The noise seemed to be coming from a large recessed alcove that lay ahead on the right.
Fache waved off warden Grouard and led Collet to a nearby alcove, addressing him in hushed tones.
Fache felt rigid as he stood in the alcove.
Rather than crowds and shimmering stained glass, all Langdon saw was acres of desolate floor and shadowy, empty alcoves.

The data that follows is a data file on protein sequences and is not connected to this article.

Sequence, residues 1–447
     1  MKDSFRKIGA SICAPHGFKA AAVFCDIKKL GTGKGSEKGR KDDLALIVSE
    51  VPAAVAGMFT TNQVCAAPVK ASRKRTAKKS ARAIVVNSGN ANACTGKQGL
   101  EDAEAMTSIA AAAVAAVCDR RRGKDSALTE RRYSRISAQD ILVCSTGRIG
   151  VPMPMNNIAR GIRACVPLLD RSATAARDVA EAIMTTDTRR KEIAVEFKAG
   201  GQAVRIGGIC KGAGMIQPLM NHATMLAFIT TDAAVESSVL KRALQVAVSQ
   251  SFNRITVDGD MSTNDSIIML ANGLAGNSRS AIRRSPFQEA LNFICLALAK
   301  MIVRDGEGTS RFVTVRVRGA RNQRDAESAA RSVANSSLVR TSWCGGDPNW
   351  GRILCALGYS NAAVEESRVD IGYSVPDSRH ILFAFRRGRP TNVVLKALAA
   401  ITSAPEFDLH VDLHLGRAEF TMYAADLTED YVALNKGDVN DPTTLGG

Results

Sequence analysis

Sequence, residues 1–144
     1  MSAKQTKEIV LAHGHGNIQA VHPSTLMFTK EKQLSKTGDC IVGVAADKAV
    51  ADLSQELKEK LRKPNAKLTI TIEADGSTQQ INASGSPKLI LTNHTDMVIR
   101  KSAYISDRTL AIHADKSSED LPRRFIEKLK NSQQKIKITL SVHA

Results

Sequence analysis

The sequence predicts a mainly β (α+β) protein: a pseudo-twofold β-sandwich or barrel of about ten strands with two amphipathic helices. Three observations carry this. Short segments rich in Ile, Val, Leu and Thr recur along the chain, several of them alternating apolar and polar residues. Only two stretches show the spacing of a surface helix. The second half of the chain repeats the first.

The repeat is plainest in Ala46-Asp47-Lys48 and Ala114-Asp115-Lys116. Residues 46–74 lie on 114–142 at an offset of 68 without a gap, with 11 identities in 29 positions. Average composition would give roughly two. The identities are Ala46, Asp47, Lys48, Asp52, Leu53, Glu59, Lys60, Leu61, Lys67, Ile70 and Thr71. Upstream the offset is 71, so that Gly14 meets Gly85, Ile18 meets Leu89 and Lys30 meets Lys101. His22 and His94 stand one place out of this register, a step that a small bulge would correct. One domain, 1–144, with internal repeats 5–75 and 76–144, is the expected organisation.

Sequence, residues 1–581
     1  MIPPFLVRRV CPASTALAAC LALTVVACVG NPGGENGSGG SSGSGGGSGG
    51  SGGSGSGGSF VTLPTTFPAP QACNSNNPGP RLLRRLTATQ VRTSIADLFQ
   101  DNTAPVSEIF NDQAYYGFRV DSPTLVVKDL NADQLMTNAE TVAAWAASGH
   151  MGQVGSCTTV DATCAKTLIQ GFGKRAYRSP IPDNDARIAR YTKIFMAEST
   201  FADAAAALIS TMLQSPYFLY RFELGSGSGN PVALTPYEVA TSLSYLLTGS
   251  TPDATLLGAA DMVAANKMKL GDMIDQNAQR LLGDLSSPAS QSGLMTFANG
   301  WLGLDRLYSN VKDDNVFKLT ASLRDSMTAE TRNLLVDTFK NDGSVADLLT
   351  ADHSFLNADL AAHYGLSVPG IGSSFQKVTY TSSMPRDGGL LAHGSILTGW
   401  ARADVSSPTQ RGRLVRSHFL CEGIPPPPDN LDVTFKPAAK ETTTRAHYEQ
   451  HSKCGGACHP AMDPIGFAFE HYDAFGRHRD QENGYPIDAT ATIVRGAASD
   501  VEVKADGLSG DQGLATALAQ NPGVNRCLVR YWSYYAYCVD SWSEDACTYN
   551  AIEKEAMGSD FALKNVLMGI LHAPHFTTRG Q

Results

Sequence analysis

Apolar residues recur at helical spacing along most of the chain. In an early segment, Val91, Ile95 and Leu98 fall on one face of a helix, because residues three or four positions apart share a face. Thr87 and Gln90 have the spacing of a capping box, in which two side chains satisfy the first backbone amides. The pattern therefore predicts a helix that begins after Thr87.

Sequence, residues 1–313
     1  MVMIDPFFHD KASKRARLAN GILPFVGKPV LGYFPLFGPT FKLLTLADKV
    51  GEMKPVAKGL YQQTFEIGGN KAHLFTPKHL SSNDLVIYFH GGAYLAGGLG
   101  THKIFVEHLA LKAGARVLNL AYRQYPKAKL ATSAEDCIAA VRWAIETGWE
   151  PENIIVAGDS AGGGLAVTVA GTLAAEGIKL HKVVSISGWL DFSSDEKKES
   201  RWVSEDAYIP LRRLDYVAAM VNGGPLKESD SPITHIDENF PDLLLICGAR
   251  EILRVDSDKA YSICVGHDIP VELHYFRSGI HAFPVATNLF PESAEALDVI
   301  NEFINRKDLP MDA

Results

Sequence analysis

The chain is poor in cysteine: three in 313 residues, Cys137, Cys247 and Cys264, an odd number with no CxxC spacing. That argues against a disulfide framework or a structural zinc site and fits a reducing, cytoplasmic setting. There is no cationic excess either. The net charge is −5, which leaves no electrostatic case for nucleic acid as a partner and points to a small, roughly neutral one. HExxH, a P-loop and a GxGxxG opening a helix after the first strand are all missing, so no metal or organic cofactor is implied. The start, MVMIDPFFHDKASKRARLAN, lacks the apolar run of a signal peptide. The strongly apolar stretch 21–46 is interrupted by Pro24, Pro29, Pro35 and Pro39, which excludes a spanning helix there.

Their tombs, packed into every last niche and alcove, range in grandeur from the most regal of mausoleums—that of Queen Elizabeth I, whose canopied sarcophagus inhabits its own private, apsidal chapel—down to the most modest etched floor tiles whose inscriptions have worn away with centuries of foot traffic, leaving it to one’s imagination whose relics might lie below the tile in the undercroft.
As he and Fache drew nearer the alcove, Langdon peered down a short hallway, into Saunière’s luxurious study—warm wood, Old Master paintings, and an enormous antique desk on which stood a two-foot-tall model of a knight in full armor.